By Brian Barth
Virtually all fruiting trees, shrubs and vines can be planted during their winter dormancy as long as the ground isn't frozen. But when it comes to smaller edibles — the sort that can fit in an average garden bed — the options are more limited. The following crops can not only survive being planted while dormant but also thrive.
Plant them as soon as the ground thaws in your area and deep freezes are no longer expected. They can go in the ground about a month before other garden vegetables because you'll be planting them as dormant roots. If you can't find these crops locally at this time of year, purchase them online from a mail-order supplier. It's best to cover them with a two-inch layer of straw mulch after planting to protect the roots in case of an unexpected late freeze. The first leaves will begin to poke through the mulch in early spring.
You can order dormant strawberry plants in winter for much cheaper than you can buy potted ones in spring. Simply bury the spidery roots and leave the leafless tops poking just above the soil. They will produce strawberries for two or three years before replanting is required.
Asparagus is rarely grown from seed and usually planted as dormant "crowns" — a gangly bunch of roots — in late winter. Plant the roots at the bottom of 10-inch-deep trenches, with the buds at the center of each crown pointed upward. Cover with a couple inches of soil, as well as mulch. In spring, remove the mulch and fill in the trenches as the spears grow skyward. They won't be big enough to harvest in the first year, but you won't have to repeat this laborious process again anytime soon because the planting will produce spears for over a decade.
Rhubarb roots look like an intertwined clump of brown carrots. Simply plant them in a shallow hole with the stems at the top, sticking out just above the ground. You can harvest the stems for five years or longer before the crop peters out and must be replanted.
Plant this white fleshy root an inch or two below the soil and it will quickly grow into a massive clump of horseradish. Once established, you can dig a portion of the roots from one side of the plant whenever needed. The clump will soon recover and continue to expand (horseradish can be somewhat invasive, so plant it in a pot or wherever it has room to spread). This perennial crop will produce indefinitely without replanting.
Cut store-bought potatoes into one- to two-inch chunks (choose organic ones because they aren't treated with growth inhibitors), with at least one "eye" on each. Plant them in a six- to eight-inch-deep trench, with the eye facing up. As with asparagus, fill in the soil as they grow. Potatoes are an annual crop that must be replanted each year.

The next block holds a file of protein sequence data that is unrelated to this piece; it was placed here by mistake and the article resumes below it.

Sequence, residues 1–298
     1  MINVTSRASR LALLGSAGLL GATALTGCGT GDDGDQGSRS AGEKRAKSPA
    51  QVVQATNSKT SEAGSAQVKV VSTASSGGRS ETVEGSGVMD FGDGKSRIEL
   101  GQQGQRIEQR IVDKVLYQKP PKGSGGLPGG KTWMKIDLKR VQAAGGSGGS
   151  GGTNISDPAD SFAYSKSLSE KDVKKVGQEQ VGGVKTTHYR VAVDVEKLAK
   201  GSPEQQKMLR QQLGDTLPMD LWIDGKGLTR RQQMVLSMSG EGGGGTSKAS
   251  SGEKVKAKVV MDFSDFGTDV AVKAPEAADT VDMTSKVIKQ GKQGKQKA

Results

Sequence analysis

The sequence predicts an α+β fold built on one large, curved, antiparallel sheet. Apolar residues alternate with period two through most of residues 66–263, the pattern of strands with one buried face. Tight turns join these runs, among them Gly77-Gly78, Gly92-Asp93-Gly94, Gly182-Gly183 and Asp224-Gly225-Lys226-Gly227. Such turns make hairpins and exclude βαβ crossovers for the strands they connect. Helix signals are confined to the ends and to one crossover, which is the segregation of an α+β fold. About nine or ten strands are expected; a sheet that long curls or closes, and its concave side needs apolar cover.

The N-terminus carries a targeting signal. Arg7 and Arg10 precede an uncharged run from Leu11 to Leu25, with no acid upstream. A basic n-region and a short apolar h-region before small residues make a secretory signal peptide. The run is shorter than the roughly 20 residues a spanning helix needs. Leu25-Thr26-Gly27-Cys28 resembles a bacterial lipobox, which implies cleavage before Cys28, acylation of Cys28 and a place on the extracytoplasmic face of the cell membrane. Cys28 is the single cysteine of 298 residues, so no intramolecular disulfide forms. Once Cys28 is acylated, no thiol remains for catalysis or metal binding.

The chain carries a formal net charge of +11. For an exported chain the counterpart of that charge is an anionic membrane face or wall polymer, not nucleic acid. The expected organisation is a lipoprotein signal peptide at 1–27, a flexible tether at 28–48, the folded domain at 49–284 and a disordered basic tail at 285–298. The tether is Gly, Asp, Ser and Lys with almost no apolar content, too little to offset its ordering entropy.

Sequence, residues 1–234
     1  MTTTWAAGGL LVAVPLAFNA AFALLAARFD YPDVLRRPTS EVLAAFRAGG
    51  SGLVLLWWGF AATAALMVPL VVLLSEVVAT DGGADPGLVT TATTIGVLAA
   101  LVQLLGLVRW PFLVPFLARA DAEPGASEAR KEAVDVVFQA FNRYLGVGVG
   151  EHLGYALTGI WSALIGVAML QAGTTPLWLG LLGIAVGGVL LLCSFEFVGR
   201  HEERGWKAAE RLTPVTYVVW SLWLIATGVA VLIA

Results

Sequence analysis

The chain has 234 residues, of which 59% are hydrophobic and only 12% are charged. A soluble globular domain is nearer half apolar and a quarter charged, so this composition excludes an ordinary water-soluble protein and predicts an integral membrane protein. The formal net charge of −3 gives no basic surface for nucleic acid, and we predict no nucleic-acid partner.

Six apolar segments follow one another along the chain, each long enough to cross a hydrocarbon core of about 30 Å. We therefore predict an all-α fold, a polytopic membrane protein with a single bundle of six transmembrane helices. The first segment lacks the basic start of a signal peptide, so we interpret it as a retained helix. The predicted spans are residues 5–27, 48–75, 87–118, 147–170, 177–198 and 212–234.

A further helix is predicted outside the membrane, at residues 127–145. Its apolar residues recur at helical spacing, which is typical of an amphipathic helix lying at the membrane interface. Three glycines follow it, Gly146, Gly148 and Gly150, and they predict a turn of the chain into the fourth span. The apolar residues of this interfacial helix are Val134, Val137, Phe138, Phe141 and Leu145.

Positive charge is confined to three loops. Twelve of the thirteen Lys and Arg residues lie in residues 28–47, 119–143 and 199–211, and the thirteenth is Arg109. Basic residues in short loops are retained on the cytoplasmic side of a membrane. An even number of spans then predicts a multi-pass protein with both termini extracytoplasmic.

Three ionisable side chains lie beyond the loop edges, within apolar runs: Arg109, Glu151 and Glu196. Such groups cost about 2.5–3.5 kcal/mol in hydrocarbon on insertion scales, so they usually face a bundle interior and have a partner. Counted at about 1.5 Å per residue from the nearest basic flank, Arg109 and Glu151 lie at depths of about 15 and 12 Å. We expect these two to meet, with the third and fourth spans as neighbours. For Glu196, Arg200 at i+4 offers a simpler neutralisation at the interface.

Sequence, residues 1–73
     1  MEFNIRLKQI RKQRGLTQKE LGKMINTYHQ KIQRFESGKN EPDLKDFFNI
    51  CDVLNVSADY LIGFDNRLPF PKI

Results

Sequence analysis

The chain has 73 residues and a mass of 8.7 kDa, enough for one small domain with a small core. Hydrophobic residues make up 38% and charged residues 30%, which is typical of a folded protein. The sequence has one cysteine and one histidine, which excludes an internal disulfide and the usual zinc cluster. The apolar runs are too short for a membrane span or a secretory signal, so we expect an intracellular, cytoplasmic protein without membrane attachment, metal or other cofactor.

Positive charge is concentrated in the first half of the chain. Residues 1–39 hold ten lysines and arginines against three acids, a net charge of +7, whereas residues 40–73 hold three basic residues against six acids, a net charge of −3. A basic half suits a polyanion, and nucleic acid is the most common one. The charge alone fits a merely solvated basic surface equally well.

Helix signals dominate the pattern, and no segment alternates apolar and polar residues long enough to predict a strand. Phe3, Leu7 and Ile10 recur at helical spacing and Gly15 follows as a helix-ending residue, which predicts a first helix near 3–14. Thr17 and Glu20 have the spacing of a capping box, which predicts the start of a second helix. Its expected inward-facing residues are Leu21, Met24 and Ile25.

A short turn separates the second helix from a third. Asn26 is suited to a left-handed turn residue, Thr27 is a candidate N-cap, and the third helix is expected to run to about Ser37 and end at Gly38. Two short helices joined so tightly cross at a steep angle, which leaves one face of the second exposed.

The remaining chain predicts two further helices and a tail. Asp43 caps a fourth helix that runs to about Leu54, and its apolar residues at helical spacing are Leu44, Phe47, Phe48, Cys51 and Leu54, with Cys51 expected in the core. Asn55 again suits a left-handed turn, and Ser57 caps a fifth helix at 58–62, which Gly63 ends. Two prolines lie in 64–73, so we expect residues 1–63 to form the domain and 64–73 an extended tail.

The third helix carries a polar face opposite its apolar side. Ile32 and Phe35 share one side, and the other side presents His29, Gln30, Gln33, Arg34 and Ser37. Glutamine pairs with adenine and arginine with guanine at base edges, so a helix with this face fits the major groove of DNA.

Onions and Garlic
If you're growing these crops from seed, you must wait until spring. However, you'll have a much earlier harvest if you plant them as bulblets — often referred to as "sets" — in late winter. Plant them with the pointy tip even with the surface of the soil. These are annual crops.
Reposted with permission from our media associate Modern Farmer.
By John R. Platt
The straw-headed bulbul doesn't look like much.
It's less than a foot in length, with subdued brown-and-gold plumage, a black beak and beady red eyes. If you saw one sitting on a branch in front of you, you might not give it a second glance.
Cages line the Malang bird and animal market on Java in 2016. Andrea Kirkby / CC BY-SA 2.0
A kingfisher, looking a little worse for wear, in the Malang bird and animal market in 2016. Andrea Kirkby / CC BY-SA 2.0
- What Does the World Need to Understand About Wildlife Trafficking ... ›
- Brazilian Amazon Has Lost Millions of Wild Animals to Criminal ... ›
EcoWatch Daily Newsletter
By Julián García Walther
One morning in January, I found myself 30 feet up a tall metal pole, carrying 66 pounds of aluminum antennas and thick weatherproofed cabling. From this vantage point, I could clearly see the entire Punta Banda Estuary in northwestern Mexico. As I looked through my binoculars, I observed the estuary's sandy bar and extensive mudflats packed with thousands of migratory shorebirds frenetically pecking the mud for food.